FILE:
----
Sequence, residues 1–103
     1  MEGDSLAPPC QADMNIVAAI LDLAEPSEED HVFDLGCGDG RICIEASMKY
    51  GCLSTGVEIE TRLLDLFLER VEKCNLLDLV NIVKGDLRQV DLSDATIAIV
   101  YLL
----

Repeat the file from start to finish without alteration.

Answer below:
Sequence, residues 1–103
     1  MEGDSLAPPC QADMNIVAAI LDLAEPSEED HVFDLGCGDG RICIEASMKY
    51  GCLSTGVEIE TRLLDLFLER VEKCNLLDLV NIVKGDLRQV DLSDATIAIV
   101  YLL